Ghost mushrooms are both parasitic, feeding off living tree tissue, and saprotrophic, meaning they eat dead things, in this case rotting wood.

Highly toxic, so please DON'T eat! 

Western Australian Peppermint trees where I found my ghost fungi

More information at:

Thank you so much for stopping by. Have you heard of ghost fungi before? 

I value your comments and look forward to hearing from you. I will try to visit your blogs in return. Have a wonderful week. 
I am linking up to the link-ups below. Please click on the links to see fabulous contributions from around the world - virtual touring at its best!
   

All Seasons
MosaicMonday at Letting Go of the Bay Leaf
Sharon's Sovenirs 
Our World Tuesday
Pictorial Tuesday 
ThroughMy Lens 
Image-in-ing
My corner of the world through my camera 
Wednesday Around the World at Communal Global hosted by Randomosity. 
       and Little bird - Pienilintu
Thankful Thursday 
Der-Natur-Thursday 
The Lovin' Life Team over at: Deep Fried Fruit
 Month end link up @ Live love craft me
Hello there! I love reading your comments. If you scroll down to the bottom you can comment too! I would love to hear from you.

10 comments:

  1. Your photos are amazing! And it's so interesting and intriguing! So much in nature we don't understand and never fully appreciate! Thanks for sharing!

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  2. Glowing fungi! Wow! We get something in Oregon coastal waters that is bioluminescent. I have not seen it yet.

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  3. Jill this is all so wonderful! I am nothing but a point-and-shooter and really don't understand a thing about the camera settings but I loved the post because the pictures are stunning and just knowing that these amazing ghost fungi exist is a wonderful thing. I appreciate your research (and your photography talents as always). Also it is just so fun to know that you took the first beautiful prize winning picture and then found out from that about its amazing properties. What an unexpected gift! Thanks for sharing it.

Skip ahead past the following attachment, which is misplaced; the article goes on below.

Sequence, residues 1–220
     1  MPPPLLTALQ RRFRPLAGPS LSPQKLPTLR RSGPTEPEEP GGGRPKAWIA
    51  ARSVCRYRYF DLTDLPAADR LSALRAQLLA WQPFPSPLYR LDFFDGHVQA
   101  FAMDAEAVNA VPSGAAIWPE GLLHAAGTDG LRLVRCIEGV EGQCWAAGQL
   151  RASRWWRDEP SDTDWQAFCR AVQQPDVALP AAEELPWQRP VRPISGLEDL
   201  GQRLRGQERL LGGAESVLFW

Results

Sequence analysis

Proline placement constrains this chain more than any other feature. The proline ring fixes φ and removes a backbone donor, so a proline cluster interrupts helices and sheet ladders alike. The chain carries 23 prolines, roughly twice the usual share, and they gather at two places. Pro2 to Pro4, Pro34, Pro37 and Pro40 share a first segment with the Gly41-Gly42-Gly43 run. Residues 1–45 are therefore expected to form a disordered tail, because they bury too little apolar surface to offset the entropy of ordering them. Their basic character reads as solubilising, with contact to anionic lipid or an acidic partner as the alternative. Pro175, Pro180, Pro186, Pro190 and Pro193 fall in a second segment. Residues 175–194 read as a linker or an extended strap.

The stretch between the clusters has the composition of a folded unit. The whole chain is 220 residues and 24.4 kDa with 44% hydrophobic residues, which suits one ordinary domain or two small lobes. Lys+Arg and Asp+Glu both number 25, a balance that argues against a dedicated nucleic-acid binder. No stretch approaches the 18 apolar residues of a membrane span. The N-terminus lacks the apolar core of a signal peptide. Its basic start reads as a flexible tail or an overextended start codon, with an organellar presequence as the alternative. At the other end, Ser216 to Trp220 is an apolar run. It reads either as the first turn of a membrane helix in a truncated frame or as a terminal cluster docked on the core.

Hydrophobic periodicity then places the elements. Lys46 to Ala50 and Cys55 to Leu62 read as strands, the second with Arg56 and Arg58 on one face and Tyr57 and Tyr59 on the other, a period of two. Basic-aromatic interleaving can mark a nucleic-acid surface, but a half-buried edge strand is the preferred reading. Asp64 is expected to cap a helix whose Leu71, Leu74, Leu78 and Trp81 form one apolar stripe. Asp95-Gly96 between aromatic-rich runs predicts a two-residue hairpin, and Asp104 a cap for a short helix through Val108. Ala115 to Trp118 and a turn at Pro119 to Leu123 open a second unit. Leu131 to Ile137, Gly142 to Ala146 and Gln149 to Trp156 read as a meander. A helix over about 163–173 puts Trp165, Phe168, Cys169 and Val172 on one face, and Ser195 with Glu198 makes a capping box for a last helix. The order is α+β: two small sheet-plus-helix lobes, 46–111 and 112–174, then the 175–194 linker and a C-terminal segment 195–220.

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  4. Wow, Jill, this is amazing. I am familiar with bioluminescence, but I associate with critters in the ocean!!! We are never too old to learn something new, or photograph something new, even if it means getting on the ground! Thanks so much for a double whammy this week - the photos and the photography lesson! Love having you at Mosaic Monday!

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  5. I wouldn't know whee to start to take s photograph like that so I stand back in admiration. They are beautiful ages of this unusual fungi.

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  6. So sorry Jill about all the typos!!

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  7. Wow, this is fascinating! And I admire your photography skill - your winning photo is fantastic

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  8. The things I learn! Great images.

    So happy to see your link at 'My Corner of the World' this week!

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  9. It is like a flower from another planet.

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  10. Beautifully captured images! Some of them seem surreal! I always look at Mushrooms on my early morning walks on misty mornings and wonder if they are edible, but never brave enough to just give them a go, although as a child in England we would regularly go 'mushrooming' in the early mornings in search of a hearty breakfast!